There are advantages and disadvantages of having a loose-y, goose-y community like code4lib. This conversation has surfaced some of the disadvantages. One of the advantages is that there is no need to come to consensus for a group of interested people to harness their collective energy and enthusiasm and explore new options.
In other words, those of you who are interested in engaging and securing a fiduciary agent for annual national conferences should know that you are empowered to do so without a "blessing" from anyone! Sometimes it takes a concrete proposal to win people over -- and sometimes, people won't be won over at all.
Michael J. Giarlo
Technical Manager, Hydra-in-a-Box project
Software Architect, Digital Library Systems & Services
Stanford University Libraries
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+1 (206) 402-4473
From: Code for Libraries <[log in to unmask]> on behalf of Tom Johnson <[log in to unmask]>
Sent: Friday, June 10, 2016 08:38
To: [log in to unmask]
Subject: Re: [CODE4LIB] Formalizing Code4Lib? [diy]
I appreciate that you're trying to make a call to action, but this latest
email is stunningly condescending.
As I'm sure you must know, people in this community do hold regional
meetings. These meetings take substantial effort to arrange. The wiki is
full of documentation, advice, and lessons learned the hard way by the many
people who have done this work over the years.
The result has been a vibrant community which has had an important
influence on technology practice in libraries and played a key role in
establishing the careers of some of the most talented people working in
this field. I can't see why you would want to erase that in favor of a
12-step guide to holding a meetup that you dashed together for an email.
We can debate the merits of holding a national conference, but let's not
begin that debate by pretending that the regional meetups are so easy to
hold that they just happen like magic. They don't, and they never have.
On Fri, Jun 10, 2016 at 12:50 AM, Eric Lease Morgan <[log in to unmask]> wrote:
> On Jun 9, 2016, at 7:55 PM, Coral Sheldon-Hess <[log in to unmask]>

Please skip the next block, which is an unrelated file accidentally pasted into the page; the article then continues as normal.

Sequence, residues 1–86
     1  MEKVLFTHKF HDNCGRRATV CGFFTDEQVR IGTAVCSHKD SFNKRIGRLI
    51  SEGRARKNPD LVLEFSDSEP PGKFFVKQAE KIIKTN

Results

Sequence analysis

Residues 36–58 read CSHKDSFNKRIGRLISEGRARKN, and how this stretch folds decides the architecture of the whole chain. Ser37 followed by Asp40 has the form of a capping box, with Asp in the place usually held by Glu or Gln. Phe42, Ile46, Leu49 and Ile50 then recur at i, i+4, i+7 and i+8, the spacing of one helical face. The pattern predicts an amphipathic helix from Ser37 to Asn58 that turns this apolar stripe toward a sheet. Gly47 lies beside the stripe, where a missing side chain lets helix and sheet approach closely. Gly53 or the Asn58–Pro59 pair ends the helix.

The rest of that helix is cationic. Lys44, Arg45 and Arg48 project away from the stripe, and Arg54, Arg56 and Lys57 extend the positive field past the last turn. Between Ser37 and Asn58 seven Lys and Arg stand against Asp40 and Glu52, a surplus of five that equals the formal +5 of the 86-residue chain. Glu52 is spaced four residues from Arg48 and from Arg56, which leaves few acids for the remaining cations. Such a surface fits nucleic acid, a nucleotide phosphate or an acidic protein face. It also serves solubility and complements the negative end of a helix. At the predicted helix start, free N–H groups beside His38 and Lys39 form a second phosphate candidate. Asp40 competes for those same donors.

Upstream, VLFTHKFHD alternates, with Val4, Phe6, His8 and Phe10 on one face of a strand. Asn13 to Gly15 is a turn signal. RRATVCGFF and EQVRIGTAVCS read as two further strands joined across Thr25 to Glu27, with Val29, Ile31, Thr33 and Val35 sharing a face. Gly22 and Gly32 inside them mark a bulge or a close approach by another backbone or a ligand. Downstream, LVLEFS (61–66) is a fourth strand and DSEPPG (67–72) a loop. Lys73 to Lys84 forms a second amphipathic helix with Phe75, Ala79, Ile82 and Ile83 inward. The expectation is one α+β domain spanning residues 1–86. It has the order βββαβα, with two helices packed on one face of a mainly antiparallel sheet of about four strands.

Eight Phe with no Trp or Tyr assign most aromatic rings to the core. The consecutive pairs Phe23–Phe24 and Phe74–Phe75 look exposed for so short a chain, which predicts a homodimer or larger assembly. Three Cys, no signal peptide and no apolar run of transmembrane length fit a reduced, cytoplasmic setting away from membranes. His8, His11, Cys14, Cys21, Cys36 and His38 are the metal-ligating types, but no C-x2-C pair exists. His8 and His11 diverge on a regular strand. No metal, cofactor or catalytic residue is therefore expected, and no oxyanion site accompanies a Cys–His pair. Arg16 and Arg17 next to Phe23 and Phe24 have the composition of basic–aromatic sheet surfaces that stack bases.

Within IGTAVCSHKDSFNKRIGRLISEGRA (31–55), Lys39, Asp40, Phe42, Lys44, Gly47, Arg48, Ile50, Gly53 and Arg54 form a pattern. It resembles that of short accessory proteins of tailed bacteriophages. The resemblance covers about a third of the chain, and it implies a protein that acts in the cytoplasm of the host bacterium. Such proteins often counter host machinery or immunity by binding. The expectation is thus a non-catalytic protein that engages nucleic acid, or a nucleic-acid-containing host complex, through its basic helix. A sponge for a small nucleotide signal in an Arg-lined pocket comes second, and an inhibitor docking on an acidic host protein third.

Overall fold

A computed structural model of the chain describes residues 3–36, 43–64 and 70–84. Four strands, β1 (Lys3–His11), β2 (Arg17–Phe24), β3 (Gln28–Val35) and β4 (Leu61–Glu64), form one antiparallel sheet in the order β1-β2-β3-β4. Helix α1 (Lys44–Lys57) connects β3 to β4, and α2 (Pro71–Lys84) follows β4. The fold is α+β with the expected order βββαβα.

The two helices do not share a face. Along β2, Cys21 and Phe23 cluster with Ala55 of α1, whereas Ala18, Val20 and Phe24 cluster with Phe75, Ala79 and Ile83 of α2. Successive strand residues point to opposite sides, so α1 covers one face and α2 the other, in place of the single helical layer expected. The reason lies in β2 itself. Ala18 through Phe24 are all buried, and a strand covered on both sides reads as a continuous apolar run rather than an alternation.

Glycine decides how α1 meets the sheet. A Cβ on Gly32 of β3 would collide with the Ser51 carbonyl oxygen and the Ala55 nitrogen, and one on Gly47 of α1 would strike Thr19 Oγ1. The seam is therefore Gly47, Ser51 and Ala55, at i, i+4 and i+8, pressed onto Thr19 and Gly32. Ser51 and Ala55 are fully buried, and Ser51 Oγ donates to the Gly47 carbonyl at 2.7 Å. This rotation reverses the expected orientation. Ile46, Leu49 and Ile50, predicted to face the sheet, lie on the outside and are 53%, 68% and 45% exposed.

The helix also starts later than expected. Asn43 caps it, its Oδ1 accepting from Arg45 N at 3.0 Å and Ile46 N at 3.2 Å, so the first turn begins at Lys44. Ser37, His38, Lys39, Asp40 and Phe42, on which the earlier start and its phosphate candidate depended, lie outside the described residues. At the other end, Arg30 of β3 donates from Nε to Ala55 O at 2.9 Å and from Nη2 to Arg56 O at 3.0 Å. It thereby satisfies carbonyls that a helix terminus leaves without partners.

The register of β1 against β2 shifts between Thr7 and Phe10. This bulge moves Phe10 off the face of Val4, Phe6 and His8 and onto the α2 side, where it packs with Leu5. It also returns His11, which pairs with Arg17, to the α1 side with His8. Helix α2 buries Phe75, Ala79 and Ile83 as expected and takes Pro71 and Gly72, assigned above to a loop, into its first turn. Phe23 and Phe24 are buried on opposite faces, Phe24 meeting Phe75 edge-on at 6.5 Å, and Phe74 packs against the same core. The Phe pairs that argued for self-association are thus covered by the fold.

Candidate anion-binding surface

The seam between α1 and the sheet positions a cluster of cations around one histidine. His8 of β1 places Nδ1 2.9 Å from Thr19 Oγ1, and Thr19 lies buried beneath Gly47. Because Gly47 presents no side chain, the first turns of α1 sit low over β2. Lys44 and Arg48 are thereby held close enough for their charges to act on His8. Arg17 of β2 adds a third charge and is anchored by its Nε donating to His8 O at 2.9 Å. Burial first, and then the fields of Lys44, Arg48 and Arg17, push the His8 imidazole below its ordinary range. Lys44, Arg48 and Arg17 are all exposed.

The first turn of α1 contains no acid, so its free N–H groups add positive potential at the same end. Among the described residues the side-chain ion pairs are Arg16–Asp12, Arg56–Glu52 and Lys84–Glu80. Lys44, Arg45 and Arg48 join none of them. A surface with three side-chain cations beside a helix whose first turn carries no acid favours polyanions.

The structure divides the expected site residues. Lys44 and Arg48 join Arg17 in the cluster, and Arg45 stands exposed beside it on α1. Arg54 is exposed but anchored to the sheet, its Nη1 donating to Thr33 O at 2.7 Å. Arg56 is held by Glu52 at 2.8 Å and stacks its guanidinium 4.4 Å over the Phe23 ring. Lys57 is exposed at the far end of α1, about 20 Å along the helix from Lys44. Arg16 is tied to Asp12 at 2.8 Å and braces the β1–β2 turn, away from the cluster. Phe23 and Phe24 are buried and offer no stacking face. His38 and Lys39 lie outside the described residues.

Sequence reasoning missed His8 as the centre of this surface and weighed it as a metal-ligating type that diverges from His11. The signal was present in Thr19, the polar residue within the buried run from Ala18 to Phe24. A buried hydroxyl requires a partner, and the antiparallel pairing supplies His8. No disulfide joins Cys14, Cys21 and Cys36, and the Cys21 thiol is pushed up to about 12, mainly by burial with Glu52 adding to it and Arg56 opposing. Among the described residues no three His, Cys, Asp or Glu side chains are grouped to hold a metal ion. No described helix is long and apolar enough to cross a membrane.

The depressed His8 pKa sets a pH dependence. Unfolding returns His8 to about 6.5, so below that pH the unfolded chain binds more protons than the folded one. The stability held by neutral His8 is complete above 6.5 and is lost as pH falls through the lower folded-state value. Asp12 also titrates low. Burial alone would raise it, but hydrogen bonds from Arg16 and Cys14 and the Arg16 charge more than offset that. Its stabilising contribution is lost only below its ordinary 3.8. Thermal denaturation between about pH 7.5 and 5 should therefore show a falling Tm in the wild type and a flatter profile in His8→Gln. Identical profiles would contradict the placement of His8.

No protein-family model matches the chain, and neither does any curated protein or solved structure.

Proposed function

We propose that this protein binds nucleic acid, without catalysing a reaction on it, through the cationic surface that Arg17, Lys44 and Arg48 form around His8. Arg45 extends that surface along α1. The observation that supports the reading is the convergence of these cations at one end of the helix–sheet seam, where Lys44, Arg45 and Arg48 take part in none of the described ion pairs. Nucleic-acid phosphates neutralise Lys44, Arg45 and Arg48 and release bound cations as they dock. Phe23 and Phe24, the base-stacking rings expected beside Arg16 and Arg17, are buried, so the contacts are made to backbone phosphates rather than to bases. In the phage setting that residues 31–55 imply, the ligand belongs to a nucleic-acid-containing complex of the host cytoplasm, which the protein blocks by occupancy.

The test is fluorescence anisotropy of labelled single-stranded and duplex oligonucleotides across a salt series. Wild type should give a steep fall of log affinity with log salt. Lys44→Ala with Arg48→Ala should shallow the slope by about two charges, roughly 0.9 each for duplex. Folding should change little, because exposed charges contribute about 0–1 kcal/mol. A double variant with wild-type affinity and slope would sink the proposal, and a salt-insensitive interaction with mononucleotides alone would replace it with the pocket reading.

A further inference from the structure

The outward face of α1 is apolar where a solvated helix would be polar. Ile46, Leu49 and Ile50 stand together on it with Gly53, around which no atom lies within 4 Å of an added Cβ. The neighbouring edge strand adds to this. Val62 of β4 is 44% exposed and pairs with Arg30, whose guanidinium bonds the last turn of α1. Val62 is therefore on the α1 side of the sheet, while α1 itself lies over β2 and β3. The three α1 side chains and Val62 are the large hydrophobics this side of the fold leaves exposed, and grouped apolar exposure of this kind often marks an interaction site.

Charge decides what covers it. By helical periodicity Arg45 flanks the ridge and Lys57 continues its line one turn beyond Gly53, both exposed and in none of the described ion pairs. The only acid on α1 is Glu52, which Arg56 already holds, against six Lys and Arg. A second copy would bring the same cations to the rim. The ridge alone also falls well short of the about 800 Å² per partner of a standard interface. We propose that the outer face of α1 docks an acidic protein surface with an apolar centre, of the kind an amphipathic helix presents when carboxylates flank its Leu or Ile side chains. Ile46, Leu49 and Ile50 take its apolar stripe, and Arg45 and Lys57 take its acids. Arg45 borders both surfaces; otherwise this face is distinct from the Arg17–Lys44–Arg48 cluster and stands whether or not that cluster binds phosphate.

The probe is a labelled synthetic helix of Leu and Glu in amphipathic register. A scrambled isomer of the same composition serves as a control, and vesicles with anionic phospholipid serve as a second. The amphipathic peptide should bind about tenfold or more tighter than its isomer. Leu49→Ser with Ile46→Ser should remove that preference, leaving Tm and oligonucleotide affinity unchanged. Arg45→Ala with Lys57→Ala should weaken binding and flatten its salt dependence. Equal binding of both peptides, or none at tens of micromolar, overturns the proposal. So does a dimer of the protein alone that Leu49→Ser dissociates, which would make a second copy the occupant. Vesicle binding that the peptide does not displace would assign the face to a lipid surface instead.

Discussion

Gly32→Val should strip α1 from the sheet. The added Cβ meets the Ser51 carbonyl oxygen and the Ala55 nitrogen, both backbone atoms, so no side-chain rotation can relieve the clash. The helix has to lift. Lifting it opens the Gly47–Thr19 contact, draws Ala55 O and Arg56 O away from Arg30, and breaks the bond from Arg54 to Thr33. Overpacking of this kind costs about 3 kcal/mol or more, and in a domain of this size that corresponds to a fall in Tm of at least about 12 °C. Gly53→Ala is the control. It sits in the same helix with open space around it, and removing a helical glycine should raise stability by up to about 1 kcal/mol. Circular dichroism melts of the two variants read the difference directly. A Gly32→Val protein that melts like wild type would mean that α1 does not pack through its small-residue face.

> > One note about what we're discussing: when we talk about just doing the
> > regional events (and I mean beyond 2017, which will be a special case if
> > host city can't step in), we need to realize that we have a lot of
> > who aren't in a Code4Lib region.
> > You might think I'm talking about Alaska, because that's where I lived
> > I first came to a Code4Lib conference. And that's certainly one place,
> > along with Hawaii, that would be left out.
> > But even living in Pittsburgh, I'm not in a Code4Lib region, that I can
> > tell. Pittsburgh isn't in the midwest, and we also aren't part of the
> > tri-state region that Philly's in. I'm employed (part-time/remote) in the
> > DC/MD region, so if I can afford the drive and hotel, that's probably the
> > one I'd pick right now. I guess?
> > So, even landlocked in the continental US, it's possible not to have a
> > region.
> > More importantly, though: my understanding is that our international
> > members are fairly spread out -- maybe Code4Lib Japan being an exception?
> > -- so, even ignoring weird cases like Pittsburgh, we stand to lose some
> > really fantastic contributors to our community if we drop to
> > Just something else to consider.
> > - Coral
> Interesting. Consider searching one or more of the existing Code4Lib
> mailing list archives for things Pittsburg:
> * [log in to unmask]" target="_blank">https:[log in to unmask]
> * http://serials.infomotions.com/code4lib/
> * https://listserv.nd.edu/cgi-bin/wa?A0=CODE4LIB
> I’d be willing to be you can identify six or seven Code4Lib’ers in the
> results. You could then suggest a “meet-up”, a get together over lunch, or
> to have them visit you in your space or a near-by public library. Even if
> there are only three of you, then things will get started, and it will grow
> from there. I promise. —Eric Morgan